The Sweet Spot

Rachel and I got our start in church planting in the later half of the last decade. I was in the process of graduating from Seminary, we did not really find any cushy church jobs to take (I am NOT a youth pastor), and I connected with a church-planting group in Virginia. We talked, we prayed, and we planted. We experienced the ups and downs that most every plant walks through; we navigated some well, and some not so well. We had a ton of fun, and we had a ton of sorrow. After three years, our church was no longer viable. We had no money, no staff, and most of our team had transitioned out. This is a common thing in the church-planting world. Churches start, and churches fail. We fell into the “ran out of time” failure reason: like a baby with a critical disease, we just didn’t have enough life behind us to fight off the problems we faced.

We are almost a decade removed from that time, so I probably have a better view now. One of the things that I have struggled with is the statistic that we learned before we planted, and experienced: over 50% of your team that you planted with, will not be there 1-3 years later. It seems to me this is a gigantic problem. The people you are on mission with, suddenly no longer feel like the church they poured their blood, sweat, and tears into, is for them. I have put some effort into figuring out why this is. When I look at my first planting experience, I notice an almost duplicitous aspect in my actions. In order to start our church, we recruited friends, and friends of friends. We spent time talking, dreaming, planning. We spent time together doing life. We were on a mission and we were excited about. Then something changed. We had to launch a church. Those sweet times where we invested in each other were gone, and replaced by the church grind. Once that happened, the times that I cherished most were gone. I wish I had known that  time spent planning was the most authentic church I have ever experienced. Now I don’t know that this was the reason that our team moved on, but I do know that when we launched it never felt the same as when we were together in my living room. I wasn’t mature enough then, I hadn’t seen enough or lived enough to know that WE HAD CHURCH right there. (Let’s be honest, no planter goes out and dreams of planting a church of 20 or 40 with all the dang kids we had J). There are many, many things I wish I could do over again, but pushing and moving our team into “church” eats at me more than most.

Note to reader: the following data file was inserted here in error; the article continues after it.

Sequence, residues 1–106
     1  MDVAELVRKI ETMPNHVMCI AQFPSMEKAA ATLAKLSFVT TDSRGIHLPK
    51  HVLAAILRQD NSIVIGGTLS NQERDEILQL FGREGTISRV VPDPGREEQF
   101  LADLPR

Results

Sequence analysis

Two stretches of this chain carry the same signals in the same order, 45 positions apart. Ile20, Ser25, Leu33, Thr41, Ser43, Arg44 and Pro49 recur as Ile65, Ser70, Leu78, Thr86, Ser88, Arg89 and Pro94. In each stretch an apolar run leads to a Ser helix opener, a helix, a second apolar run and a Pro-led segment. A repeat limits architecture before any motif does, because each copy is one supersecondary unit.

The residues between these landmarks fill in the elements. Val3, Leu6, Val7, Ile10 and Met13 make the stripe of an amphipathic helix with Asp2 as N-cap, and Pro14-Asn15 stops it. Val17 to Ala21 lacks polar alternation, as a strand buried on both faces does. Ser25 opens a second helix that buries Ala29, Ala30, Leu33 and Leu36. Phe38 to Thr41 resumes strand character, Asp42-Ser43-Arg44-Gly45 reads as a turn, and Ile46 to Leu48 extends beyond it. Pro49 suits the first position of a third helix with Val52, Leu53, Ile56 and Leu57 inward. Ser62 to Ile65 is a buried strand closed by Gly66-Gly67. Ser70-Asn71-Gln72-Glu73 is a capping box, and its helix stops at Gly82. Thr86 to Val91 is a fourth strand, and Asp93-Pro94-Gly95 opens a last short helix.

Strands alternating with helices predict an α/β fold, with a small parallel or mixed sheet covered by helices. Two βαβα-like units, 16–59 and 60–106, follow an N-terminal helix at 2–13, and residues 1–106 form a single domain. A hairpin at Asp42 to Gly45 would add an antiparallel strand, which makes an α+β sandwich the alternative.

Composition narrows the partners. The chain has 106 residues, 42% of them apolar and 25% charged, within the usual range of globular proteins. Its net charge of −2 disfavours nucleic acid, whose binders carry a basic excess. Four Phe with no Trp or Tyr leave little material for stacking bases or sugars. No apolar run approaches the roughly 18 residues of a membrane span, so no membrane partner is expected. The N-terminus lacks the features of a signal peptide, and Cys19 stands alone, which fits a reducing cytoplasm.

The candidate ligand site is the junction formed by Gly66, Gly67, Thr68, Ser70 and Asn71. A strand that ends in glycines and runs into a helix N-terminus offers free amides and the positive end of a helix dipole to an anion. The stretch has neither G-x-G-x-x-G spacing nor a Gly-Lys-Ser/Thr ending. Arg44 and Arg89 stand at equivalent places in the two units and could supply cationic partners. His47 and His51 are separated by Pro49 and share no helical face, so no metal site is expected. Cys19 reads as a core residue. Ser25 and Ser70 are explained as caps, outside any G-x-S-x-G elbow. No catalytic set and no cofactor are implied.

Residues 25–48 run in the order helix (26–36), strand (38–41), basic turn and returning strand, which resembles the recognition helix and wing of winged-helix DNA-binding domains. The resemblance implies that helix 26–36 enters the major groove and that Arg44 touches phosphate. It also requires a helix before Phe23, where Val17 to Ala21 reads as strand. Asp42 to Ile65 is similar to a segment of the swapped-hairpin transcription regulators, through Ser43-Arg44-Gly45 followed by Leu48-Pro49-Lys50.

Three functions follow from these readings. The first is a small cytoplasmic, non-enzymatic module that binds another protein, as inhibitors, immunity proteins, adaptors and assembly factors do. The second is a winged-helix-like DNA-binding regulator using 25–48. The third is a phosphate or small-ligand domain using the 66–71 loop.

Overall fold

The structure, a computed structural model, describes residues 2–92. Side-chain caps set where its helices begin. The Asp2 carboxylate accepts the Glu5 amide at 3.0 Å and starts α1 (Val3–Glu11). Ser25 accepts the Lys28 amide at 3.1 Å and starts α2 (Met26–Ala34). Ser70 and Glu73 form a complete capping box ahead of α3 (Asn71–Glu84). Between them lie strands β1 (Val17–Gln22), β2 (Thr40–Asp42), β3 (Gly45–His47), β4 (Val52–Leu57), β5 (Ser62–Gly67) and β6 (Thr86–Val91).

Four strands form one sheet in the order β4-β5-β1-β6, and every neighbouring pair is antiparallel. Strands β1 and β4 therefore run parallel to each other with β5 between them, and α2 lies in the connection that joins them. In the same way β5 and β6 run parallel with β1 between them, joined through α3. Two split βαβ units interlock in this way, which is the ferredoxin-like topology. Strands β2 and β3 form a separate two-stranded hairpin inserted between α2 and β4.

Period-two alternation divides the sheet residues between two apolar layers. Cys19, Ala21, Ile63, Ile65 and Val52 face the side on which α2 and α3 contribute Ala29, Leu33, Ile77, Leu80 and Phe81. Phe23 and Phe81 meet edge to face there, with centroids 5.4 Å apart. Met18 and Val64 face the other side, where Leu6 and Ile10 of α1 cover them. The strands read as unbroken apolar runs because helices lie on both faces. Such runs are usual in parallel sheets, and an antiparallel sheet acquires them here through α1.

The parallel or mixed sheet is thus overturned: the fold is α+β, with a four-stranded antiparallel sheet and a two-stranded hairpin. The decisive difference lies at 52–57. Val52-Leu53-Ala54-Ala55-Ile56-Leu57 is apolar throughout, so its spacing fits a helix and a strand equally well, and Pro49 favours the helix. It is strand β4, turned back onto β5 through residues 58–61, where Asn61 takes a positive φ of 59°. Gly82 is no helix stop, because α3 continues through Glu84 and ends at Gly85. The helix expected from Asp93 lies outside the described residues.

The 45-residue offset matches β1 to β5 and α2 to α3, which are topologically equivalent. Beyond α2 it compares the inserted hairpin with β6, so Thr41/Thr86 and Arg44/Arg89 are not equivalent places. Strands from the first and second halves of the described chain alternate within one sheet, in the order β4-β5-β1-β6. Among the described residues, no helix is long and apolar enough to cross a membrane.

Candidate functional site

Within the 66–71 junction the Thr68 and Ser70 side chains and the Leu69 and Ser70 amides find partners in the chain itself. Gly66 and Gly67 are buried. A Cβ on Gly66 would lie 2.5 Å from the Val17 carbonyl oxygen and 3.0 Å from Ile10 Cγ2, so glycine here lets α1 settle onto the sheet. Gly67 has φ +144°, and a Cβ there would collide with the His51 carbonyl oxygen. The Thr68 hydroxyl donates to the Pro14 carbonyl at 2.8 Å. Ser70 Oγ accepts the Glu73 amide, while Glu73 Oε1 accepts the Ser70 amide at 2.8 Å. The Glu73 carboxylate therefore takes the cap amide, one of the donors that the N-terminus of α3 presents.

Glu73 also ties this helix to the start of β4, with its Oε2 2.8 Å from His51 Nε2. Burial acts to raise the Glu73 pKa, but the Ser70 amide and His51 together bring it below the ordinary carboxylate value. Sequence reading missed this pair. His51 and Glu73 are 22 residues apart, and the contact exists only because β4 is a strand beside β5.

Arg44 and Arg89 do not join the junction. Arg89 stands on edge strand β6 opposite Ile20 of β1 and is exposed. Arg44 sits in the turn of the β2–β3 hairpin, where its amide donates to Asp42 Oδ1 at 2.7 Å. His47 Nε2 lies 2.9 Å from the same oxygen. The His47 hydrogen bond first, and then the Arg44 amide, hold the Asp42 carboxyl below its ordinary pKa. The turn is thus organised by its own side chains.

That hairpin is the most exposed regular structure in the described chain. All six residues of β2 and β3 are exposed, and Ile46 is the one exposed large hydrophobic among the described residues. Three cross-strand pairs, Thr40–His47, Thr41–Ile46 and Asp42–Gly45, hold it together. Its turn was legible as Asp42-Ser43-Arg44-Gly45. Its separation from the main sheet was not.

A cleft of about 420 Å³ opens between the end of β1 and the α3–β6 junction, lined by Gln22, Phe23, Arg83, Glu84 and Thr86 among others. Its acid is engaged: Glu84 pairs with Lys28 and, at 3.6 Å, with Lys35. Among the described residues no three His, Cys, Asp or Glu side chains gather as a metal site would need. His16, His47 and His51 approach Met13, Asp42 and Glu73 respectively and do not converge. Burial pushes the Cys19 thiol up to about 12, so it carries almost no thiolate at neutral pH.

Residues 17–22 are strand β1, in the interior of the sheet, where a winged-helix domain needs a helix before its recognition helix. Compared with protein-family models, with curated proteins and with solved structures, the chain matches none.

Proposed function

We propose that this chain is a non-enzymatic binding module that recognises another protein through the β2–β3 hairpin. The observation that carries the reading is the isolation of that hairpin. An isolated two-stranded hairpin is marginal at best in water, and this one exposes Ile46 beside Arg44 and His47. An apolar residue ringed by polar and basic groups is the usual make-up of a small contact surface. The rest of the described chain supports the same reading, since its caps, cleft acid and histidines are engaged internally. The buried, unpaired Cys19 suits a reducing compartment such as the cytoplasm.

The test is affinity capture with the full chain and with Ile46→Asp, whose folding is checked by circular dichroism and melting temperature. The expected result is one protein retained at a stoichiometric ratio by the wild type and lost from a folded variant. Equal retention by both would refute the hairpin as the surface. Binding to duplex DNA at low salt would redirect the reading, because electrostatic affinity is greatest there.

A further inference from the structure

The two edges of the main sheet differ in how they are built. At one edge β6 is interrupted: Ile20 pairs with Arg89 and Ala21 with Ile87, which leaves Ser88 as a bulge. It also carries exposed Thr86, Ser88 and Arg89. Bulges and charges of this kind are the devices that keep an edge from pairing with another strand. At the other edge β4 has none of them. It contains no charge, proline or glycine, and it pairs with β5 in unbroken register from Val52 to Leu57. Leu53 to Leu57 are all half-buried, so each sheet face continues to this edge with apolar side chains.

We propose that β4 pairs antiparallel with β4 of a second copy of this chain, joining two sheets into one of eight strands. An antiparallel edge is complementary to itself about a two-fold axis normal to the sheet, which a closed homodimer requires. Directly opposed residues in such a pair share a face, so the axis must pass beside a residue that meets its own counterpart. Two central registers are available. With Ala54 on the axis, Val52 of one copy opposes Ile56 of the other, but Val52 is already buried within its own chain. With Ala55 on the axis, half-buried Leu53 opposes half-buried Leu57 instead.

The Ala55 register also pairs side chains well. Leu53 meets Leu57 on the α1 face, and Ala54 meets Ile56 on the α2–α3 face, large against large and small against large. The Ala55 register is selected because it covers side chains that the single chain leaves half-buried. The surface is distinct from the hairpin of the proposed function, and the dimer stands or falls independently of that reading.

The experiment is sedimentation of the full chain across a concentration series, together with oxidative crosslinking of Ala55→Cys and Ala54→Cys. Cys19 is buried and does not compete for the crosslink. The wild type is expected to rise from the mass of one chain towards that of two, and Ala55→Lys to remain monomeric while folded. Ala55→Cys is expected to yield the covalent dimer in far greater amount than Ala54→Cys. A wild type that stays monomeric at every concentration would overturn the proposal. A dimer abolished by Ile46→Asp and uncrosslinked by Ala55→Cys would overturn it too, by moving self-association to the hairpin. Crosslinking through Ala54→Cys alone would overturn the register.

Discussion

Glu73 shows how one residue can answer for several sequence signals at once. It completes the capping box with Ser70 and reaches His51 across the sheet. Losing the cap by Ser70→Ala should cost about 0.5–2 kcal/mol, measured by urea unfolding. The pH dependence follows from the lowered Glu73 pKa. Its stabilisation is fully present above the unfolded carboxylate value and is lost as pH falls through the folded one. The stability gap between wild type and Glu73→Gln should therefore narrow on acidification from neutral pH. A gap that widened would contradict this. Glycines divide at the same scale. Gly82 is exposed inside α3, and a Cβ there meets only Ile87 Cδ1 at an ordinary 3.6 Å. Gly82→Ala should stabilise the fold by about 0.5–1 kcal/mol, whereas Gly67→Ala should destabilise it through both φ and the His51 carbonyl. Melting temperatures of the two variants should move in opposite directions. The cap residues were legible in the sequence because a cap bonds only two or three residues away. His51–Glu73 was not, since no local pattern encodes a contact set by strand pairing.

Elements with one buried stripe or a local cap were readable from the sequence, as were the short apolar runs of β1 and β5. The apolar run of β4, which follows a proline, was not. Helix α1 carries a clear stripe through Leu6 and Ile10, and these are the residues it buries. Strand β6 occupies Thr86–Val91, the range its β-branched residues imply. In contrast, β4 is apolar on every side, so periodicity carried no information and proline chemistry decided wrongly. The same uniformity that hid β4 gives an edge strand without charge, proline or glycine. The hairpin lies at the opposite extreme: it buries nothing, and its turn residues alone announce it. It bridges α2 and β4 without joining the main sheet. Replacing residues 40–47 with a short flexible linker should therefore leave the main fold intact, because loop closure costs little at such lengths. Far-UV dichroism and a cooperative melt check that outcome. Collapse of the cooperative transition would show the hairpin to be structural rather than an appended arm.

As planters we are always told that more is better. We need to recruit more people, raise more money, have THE BEST worship experience; the drive is always more and bigger. I disagree strongly with this idea at this stage of my ministry. What is the best is to be on mission with a team; a team you can pour into, be real with, and love doing life with. Let me encourage the planter who may be where Rachel and I were so many years ago with this thought: Jesus loves you, and He wants your ministry to be successful. Remember though: He defines the ministry; He defines success. It may not look like you want it to; it may not be the envy of all your friends from Seminary, and it may not ever get you on stage at Exponential teaching. Take it from me, no matter what the sweet spot is, it is better than living with the “I wish I would have’s.”

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Theology Matters